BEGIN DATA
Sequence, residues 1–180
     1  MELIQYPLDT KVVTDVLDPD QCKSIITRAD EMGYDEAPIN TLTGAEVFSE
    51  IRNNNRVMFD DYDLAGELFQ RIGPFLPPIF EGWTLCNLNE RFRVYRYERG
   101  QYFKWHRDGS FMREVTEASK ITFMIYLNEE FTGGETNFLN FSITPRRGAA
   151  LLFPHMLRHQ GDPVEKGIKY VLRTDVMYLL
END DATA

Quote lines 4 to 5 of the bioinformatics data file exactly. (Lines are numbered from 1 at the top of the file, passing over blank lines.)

   101  QYFKWHRDGS FMREVTEASK ITFMIYLNEE FTGGETNFLN FSITPRRGAA
   151  LLFPHMLRHQ GDPVEKGIKY VLRTDVMYLL